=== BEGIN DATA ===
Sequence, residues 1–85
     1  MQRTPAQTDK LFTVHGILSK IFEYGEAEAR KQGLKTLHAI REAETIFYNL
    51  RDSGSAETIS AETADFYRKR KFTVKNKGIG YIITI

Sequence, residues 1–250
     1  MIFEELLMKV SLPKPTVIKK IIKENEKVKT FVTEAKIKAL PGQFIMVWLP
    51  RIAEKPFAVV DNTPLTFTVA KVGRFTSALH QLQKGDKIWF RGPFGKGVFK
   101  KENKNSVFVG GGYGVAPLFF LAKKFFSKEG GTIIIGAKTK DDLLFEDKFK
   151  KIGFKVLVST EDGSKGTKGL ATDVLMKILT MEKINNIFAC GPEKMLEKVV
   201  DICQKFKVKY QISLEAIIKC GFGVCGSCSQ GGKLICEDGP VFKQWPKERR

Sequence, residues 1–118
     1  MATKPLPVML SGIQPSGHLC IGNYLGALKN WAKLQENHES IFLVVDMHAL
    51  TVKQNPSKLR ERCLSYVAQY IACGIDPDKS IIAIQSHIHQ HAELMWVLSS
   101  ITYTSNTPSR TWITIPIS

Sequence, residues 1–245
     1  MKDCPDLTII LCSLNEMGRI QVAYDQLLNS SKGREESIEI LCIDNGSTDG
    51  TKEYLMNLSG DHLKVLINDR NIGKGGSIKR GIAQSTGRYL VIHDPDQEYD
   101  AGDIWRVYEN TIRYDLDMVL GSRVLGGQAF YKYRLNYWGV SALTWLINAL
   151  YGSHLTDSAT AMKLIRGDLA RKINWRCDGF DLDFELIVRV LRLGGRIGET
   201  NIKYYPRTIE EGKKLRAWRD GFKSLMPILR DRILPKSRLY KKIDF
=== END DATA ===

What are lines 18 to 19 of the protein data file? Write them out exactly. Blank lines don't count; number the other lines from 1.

   151  YGSHLTDSAT AMKLIRGDLA RKINWRCDGF DLDFELIVRV LRLGGRIGET
   201  NIKYYPRTIE EGKKLRAWRD GFKSLMPILR DRILPKSRLY KKIDF